The Land of Diminishing Returns

My father always railed against the Pursuit of the Almighty Dollar.  As a child I never understood his furor and frustration.  As a child you only dully grasp the source, and function of money.  It’s there.  You get stuff with it.  It grows on trees.  What happens along the way is that we forget money’s purpose.  It becomes an end in  itself. 
And it’s indicative of and in direct proportion to our sadness as a species.

I think Douglas Adams nailed it when he said,

“This planet has – or rather had – a problem, which was this: most of the people living on it were unhappy for pretty much of the time. Many solutions were suggested for this problem, but most of these were largely concerned with the movements of small green pieces of paper, which is odd because on the whole it wasn’t the small green pieces of paper that were unhappy.”

Pretty good, huh?  Why are our solutions for unhappiness always fringed with greenbacks? The paper’s happy enough.

I was taught much the same thing as most of the rest of us: You go to school and study hard so that you can get a decent-paying job.  You get a house and some cars.  You have a family.  Aaaaand then sometime thereafter you kick the bucket.  As a teenager you naturally rebel against this thinking, but what happens more often than not is that you wind up doing exactly that which you swore you’d never do.  Before you know it you’ve got a house (mortgage), cars (loans), TVs, stereos, furniture (credit cards), and children(medical bills, etc, etc)… and expectations to live up to.  We’ve been taught that this is the normal course of things.  We’ve been taught to follow the money because we have to do all of these things to lead a normal, fulfilling life.  Oh, and don’t forget… bigger is better.

If watching our televisions has taught us anything it’s that being rich is no guarantee of happiness.  We see a constant stream of celebrity train-wrecks.  The pain of Love, intrigue, betrayal, jealousy, hatred, indifference… these things don’t care how much you take home after taxes.  You routinely see people who could literally spend money for the duration of their lives and never go broke crash and burn like gnats around a bug zapper or drown soaked in their own despair.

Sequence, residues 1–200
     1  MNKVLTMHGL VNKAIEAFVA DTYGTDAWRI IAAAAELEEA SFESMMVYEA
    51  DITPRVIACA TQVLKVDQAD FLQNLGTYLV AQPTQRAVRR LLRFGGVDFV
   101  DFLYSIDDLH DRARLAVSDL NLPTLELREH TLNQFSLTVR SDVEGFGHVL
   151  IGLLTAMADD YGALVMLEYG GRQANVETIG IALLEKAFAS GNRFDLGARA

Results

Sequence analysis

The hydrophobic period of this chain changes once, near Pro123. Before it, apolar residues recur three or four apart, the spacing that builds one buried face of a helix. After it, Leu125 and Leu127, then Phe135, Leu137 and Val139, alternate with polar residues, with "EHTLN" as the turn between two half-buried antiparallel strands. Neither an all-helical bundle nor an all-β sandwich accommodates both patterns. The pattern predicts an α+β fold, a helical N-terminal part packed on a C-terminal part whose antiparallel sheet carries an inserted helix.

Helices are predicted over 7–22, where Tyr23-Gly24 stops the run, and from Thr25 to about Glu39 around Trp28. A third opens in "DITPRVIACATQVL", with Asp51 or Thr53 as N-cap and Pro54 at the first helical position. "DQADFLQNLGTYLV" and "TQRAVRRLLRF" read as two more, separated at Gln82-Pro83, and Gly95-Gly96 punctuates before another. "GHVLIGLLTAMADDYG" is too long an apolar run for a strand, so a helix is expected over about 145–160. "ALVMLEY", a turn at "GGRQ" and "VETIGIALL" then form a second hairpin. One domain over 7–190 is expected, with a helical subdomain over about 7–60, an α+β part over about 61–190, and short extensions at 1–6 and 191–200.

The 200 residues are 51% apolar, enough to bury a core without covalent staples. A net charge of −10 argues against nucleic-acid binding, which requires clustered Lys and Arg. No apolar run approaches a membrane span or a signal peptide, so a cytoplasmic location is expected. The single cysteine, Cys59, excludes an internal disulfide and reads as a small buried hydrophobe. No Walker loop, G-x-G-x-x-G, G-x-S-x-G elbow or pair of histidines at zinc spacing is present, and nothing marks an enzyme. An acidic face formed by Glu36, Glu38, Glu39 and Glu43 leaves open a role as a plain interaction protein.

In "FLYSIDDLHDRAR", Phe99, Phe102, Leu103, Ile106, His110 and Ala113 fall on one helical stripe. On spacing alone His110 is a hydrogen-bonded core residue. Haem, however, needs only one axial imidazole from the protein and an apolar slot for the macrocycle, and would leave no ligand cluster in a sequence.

What does this mean?  To me it means that money doesn’t necessarily have a direct correlation to happiness.  Everyone has heard this.  Not everyone believes it.  Those that do rarely take it to heart.  I make pretty decent money at my day job.  Not enough so that I didn’t have to find other ways to earn cash to keep the lifestyle I’d lived afloat.  I’d pursued money and possessions beyond my means.  I’m not ashamed to say that now.  Looking back I let myself get caught up in that very thing I said I’d never do: Allow myself to get over-burdened with things and the pursuit of The Almighty Dollar.  I had things.  Not tons of things and I was never much for keeping up with the Joneses, but a fair lot of things nonetheless.  Turns out these things did not make me happy.  They did not resuscitate my marriage.  They did not shield me from self-loathing or a crushing self-doubt.  No amount of money was going to fill in the gaps.

You see somewhere along the line I’d hit a plateau.  Seems to me you can only get so happy and you peak.  Throwing wads of cash on top doesn’t really improve the experience.  My favorite experiences in life came from the simplest events: A canoe trip with friends. Watching leaves float down the gutter toward the storm drain when I was a kid.  Bass fishing with my dad.  Playing with my sons.  Drawing and painting late into the night.

But Gordon Gekko in Wallstreet told us that Greed is good.  Good for the economy.  Good for America.  Good for you and me.  Wrong.  Unbridled greed has landed us where we are today.  Our air, land, water, and culture have all been poisoned in the pursuit of the Dollar Almighty.  We’re some greedy bastards and we’ve gotten what we deserved and it’s landed us in some serious shit, but no one seems to care because we’re getting what we want and so long as we get what we want that’s OK, right?

Pass the Budweiser, baby, Jersey Shore’s on.

We want what we want and we sure as hell want more of it… and cheaper while you’re at it.  It’s become a religion.  In some cases it’s even been adopted into popular religion.  If you’re looking you’ll see it.  Funny what a little “translation” can do. 

What’s it all for though?  Really?  I like games, but does an XBox360 make me smarter?  Does an expensive suit make me more of a man?  Do I really sleep better on a $3000 bed?  Or is it all just more junk?  Maybe if we were hermit crabs and carried our homes around we’d be more selective about how choose to fill our lives.  In truth we do carry the weight of these possessions with us everyday.  If we didn’t want all of this stuff would we need the money?  And if we didn’t need the money well, what would we do?

I’m not saying I’m going to give up all of my possessions and live in a tent, but recent events have made me consider just where my level of diminishing returns is.  Where is the point where I’ve got the things I need and I’m happy?  How can I simplify my life?  How can I be fruitful without taking more than I really need? 

I’ll leave off by restating this burning question:  If you didn’t need the money what would you do with your life?

If you can answer that question you’re like me.  If you’re like me… you’ve got some work to do. 



One response to “The Land of Diminishing Returns”

  1. Robert L Reeves Avatar

    Reblogged this on Robert Reeves: Oil & Dust and commented:

    I posted this one a few years ago. It interjected itself into my thoughts again this week. Thought I’d put it out there again.

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